United States District Court, D. Delaware
Johnson, New Castle, Delaware. Pro Se Plaintiff.
Michelle Ennis, Esquire, Margolis Edelstein, Wilmington,
Delaware. Counsel for Defendant.
ANDREWS, U.S. DISTRICT JTIDGE.
Paul Johnson, who appears pro se and has been
granted leave to proceed in forma pauperis, filed
this action on August 5, 2016. (D.I. 2). Plaintiff brings
this action under the Americans with Disabilities Act, 42
U.S.C. § 12101. Defendant moves to dismiss the Complaint
pursuant to Fed.R.Civ.P. 12(b)(6). (D.I. 13). Plaintiff
opposes. (D.I. 14). Briefing on the motion is complete.
time of his discharge, Plaintiff was employed by Defendant as
a dispatcher. The Complaint alleges that employment
discrimination by reason of disability occurred on March 19,
2015, when Plaintiffs employment was
alleges that he has a physical impairment, heart failure,
that substantially limits a major life activity.
(Id. at ¶¶ 14, 16-19). Following a
heart-related medical hospitalization, Plaintiff was able to
return to work by wearing an automated external defibrillator
("AED"). (Id. at ¶¶ 16, 17).
Plaintiff wore the AED from June 28, 2014 forward.
(Id. at ¶ 18) He alleges that the AED allowed
him to perform the essential functions of his job, and
Defendant permitted him to wear the AED as a reasonable
alleges that in about January 2015, he received a "meets
expectations" for his nine-month performance review as a
dispatcher in the Southeast Region of the company.
(Id. at ¶ 12). Plaintiff was transferred to the
Northeast Region on February 2, 2015. (Id.).
Plaintiff alleges that the Northeast Region was understaffed,
had consistent problems retaining dispatchers to work in the
region, and dispatchers were transferred from the Northeast
Region and reassigned upon their evaluations of "not
meeting expectations." (Id.).
March 3, 2015, Plaintiff was "coached by Defendant on
how to improve his job performance. (Id. at ¶
21). On March 9, 2015, Plaintiff requested an extended leave
of absence under the Family Medical Leave Act for necessary
heart surgery. (Id. at ¶ 20). Plaintiff was
given thirty days of non-paid FMLA leave, and Defendant
offered Plaintiff the opportunity to work from home during
recovery from surgery as a reasonable accommodation.
(Id.). The surgery was postponed, and Plaintiff was
allowed to return to work on March 11, 2015. (Id. at
¶ 21). Plaintiff was terminated on March 19, 2015 for
his "alleged poor performance as the dispatcher for the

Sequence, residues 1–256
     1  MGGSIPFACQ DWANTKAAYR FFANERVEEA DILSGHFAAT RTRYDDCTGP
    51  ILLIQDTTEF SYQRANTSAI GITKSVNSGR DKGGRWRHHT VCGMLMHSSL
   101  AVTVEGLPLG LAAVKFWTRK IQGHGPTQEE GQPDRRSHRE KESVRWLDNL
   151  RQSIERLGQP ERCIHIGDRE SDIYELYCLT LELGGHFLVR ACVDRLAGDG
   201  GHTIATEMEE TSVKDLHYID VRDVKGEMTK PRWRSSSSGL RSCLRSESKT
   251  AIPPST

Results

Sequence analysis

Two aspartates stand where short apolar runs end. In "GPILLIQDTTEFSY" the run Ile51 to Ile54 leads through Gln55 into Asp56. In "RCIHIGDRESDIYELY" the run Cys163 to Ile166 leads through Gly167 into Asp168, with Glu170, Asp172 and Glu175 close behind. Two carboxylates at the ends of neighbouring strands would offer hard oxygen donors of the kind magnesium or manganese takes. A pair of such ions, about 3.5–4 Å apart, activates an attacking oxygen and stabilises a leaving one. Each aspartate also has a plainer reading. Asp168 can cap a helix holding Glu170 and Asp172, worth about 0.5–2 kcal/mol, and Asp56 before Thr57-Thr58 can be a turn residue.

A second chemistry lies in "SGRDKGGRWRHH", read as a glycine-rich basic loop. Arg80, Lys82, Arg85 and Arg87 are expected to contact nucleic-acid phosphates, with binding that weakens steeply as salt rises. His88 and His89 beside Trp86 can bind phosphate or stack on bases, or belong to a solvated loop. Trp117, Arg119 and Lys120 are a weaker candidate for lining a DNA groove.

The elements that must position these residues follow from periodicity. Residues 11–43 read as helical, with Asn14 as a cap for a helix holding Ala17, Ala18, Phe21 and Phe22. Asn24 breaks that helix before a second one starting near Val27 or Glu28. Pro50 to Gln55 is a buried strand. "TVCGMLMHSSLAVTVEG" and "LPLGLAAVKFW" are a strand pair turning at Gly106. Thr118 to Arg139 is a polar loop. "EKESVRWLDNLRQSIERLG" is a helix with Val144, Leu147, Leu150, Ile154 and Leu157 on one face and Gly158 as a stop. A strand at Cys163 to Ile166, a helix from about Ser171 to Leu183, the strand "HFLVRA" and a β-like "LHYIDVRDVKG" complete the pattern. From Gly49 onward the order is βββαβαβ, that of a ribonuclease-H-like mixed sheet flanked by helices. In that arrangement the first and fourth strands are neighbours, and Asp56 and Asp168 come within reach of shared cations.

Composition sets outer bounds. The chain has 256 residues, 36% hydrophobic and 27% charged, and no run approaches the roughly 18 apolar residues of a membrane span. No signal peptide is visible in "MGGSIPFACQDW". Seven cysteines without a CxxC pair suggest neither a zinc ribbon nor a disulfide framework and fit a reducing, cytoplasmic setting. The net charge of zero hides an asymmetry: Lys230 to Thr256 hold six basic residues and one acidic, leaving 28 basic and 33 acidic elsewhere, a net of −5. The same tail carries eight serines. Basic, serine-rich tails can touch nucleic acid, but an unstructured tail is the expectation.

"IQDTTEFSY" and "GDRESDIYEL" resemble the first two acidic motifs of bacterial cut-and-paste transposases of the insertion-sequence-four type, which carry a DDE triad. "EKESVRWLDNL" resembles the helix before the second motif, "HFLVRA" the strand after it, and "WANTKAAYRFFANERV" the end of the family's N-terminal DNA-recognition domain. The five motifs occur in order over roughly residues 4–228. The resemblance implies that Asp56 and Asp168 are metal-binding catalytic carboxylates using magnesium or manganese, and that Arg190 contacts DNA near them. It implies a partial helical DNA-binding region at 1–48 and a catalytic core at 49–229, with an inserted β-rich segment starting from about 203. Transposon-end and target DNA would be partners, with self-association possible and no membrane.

Northeast Region." (Id.). Plaintiff alleges his
employment was terminated because he requested a leave of
absence under the FMLA and that Defendant's reason for
the termination was a pretext for firing him. (Id.).
Plaintiff alleges that other similarly situated,
non-disabled, individuals were reassigned out of the
Northeast Region, and he was not. (Id.) Plaintiff
seeks compensatory and punitive damages, as well as
moves for dismissal pursuant to Fed.R.Civ.P. 12(b)(6).
proceeds pro se and, therefore, his pleadings are
liberally construed and his complaint, "however
inartfully pleaded, must be held to less stringent standards
than formal pleadings drafted by lawyers." Erickson
v. Pardus, 551 U.S. 89, 94 (2007). Under Rule 12(b)(6),
a motion to dismiss may be granted only if, accepting the
well-pleaded allegations in the complaint as true and viewing
them in the light most favorable to the plaintiff, a court
concludes that those allegations "could not raise a
claim of entitlement to relief." Bell Atl. Corp. v.
Twombly, 550 U.S. 544, 558 (2007). "Though
'detailed factual allegations' are not required, a
complaint must do more than simply provide 'labels and
conclusions' or 'a formulaic recitation of the
elements of a cause of action.'" Davis v.
Abington Mem'l Hosp., 765 F.3d 236, 241 (3d Cir.
2014) (quoting Twombly, 550 U.S. at 555). In
addition, a plaintiff must plead facts sufficient to show
that a claim has substantive plausibility. See Johnson v.
City of Shelby, ___U.S.___, 135 S.Ct. 346, 347 (2014). A
complaint may not dismissed, however, for imperfect
statements of the legal theory supporting the claim asserted.
See id. at 346.
reviewing the sufficiency of a complaint, a court should
follow a three-step process: (1) consider the elements
necessary to state a claim; (2) identify allegations that are
merely conclusions and therefore are not well-pleaded factual
allegations; and (3) accept any well-pleaded factual
allegations as true and determine whether they plausibly
state a claim. See Connelly v. Lane Constr. Corp.,809 F.3d 780, 787 (3d Cir. 2016); Williams v. BASF
Catalysts LLC,765 F.3d 306, 315 (3d Cir. 2014).
Deciding whether a claim is plausible will be a